Movement Embraces Tradition, Exercises Innovation in Holy Week, Easter Activities
By Carl Stagner
Advent activities seem to spread out annually over several weeks leading up to Christmas, but the pinnacle holiday of the Christian calendar nevertheless finds Church of God congregations embracing tradition and exercising innovation for at least seven days straight. In fact, some congregations of have already disbursed daily doses of inspiration and admonition beginning on Palm Sunday and continuing through Easter; at least one congregation of the Church of God has held nightly worship services throughout Holy Week, not limited to Maundy Thursday and Good Friday. Whether reaching out to the community through egg hunts and a host of family activities, or through the rich symbolism of footwashing rituals and the Easter sunrise service at the crack of dawn (complete with sufficient caffeine), the Church of God movement has clearly pulled out all the stops this year for Easter experiences designed to leave an eternal imprint.
Many Church of God congregations opt to involve children and the families in the classic Easter egg hunt on Resurrection Sunday after morning worship; others find strategic placement the day before Easter or on Palm Sunday weekend. Churches like Bayside in Safety Harbor, Florida, called their offsite “Eggstravaganza” in the nearby city of Oldsmar a “cracking success.” Like numerous other churches, they chose to schedule their egg hunt off church property, removing as many barriers as possible to community participation.
But if you’re NSPIRE Church in Westfield, Indiana, you’ve still got to take the traditional egg hunt to a completely different level—the sky, that is! Scheduled for Saturday, April 8, their “Easter Egg Drop” has become a local phenomenon, as families await countless eggs to drop dramatically from a helicopter—yep, you read that right—a helicopter.
First Church of God in Tulare, California, has been busy throughout the week leading up to Easter. It’s not even summer break, yet they’ve said anytime is good for a Vacation Bible School. “Easter VBS” is attracting families daily from the congregation and community to the church for fun and faith.
While some churches canceled normal Wednesday night programming in light of an unusually busy week, others pressed on with business as usual, even enhancing their usual midweek events. Eastside Community Church in Muskogee, Oklahoma, is one example. “What a powerful time celebrating Passover together! We are so grateful for each one that helped make this evening special!” the pastor posted on Facebook.
Maundy Thursday post-pandemic prompted an uptick over previous years in the number of Church of God congregations hosting footwashing and Communion. Fox Street Church of God in Sugarcreek, Pennsylvania, is one of the congregations acknowledging the beauty of such the ordinance that symbolizes humble servanthood, even if the act in present society may seem somewhat uncomfortable. The Church of God of Cleveland (Ohio) hosted a gathering called “The Night Before,” in which the Lord’s Supper and footwashing were also administered in powerfully illustrative ways. Like Fox Street Church of God and the Church of God of Cleveland, other congregations from coast to coast, and far beyond, participated in meaningful moments of togetherness and reflection.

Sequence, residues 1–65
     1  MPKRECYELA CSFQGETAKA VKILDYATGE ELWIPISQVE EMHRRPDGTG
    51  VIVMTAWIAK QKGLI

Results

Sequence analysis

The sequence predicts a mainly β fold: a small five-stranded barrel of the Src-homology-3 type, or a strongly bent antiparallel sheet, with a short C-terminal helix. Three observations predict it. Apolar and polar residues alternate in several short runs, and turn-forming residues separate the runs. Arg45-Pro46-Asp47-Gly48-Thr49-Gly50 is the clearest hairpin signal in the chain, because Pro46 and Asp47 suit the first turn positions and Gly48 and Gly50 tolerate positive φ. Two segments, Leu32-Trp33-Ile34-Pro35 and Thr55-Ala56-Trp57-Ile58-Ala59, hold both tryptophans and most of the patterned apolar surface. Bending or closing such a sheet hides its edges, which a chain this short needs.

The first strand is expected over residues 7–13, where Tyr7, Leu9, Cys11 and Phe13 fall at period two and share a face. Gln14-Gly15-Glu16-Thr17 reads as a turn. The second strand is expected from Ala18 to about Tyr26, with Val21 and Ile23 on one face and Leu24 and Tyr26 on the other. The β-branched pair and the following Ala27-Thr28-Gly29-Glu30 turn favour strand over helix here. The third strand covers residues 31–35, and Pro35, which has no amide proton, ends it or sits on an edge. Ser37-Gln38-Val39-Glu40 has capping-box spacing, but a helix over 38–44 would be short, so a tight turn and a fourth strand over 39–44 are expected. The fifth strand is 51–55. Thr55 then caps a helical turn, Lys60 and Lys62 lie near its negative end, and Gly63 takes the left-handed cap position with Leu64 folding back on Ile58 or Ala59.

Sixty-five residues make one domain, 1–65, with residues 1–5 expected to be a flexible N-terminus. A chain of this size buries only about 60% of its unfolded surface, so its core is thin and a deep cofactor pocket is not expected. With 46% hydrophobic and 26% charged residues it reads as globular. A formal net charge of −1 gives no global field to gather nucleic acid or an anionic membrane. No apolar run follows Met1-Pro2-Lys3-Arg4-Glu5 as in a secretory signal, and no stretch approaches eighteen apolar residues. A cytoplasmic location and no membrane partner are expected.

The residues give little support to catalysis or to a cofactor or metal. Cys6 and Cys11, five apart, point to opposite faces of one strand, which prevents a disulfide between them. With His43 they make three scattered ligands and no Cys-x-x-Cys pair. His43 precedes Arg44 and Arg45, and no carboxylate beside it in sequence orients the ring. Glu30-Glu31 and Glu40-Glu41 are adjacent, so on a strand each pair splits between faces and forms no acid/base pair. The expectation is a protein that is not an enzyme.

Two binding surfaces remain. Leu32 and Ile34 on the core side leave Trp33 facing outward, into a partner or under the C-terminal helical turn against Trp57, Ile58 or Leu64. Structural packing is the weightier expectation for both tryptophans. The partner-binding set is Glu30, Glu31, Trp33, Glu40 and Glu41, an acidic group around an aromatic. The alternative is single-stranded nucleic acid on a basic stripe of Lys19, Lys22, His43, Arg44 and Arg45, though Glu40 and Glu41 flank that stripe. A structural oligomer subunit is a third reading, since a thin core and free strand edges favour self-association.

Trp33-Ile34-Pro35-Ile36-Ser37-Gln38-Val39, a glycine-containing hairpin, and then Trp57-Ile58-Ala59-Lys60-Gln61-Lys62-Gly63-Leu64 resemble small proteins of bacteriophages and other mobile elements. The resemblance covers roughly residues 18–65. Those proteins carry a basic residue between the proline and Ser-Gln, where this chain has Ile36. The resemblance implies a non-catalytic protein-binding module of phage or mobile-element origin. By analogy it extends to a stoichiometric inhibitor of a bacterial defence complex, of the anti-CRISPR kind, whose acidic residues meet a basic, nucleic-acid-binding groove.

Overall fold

Good Friday meant ecumenical unity services in some parts of the country, while others hosted their own “Passion” plays and other dramatic features and choral cantatas. Several Church of God congregations participated in experiences known as the “Seven Sayings” or the “Seven Last Words of Jesus,” including Transforming Life Church of God in Baltimore, Maryland; these events have historically been spiritually moving in lasting ways. Other churches hosted “stations of the cross,” interactive and spiritually invigorating hands-on experiences. The Church at Broadway Park in Alexandria, Indiana, was one church that announced a “come-and-go, self-guide, interactive encounter” that they dubbed “Journey to the Cross.”
Speaking of journeys to the cross, reports of life-changing experiences are already surfacing in the Church of God; many baptism ceremonies are scheduled for Sunday, but some couldn’t wait for Easter to celebrate new life in Christ. Shartel Church of God in Oklahoma City, for instance, celebrated nineteen declarations of faith through immersion on the Wednesday before Easter. We can’t wait to hear of more life change through Easter Sunday and beyond—it is inevitable, praise God!
Learn more about the Church of God movement at www.JesusIsTheSubject.org.
Feature (top) photo: “Stations of the cross” station at Monroe City Church of God in southern Indiana.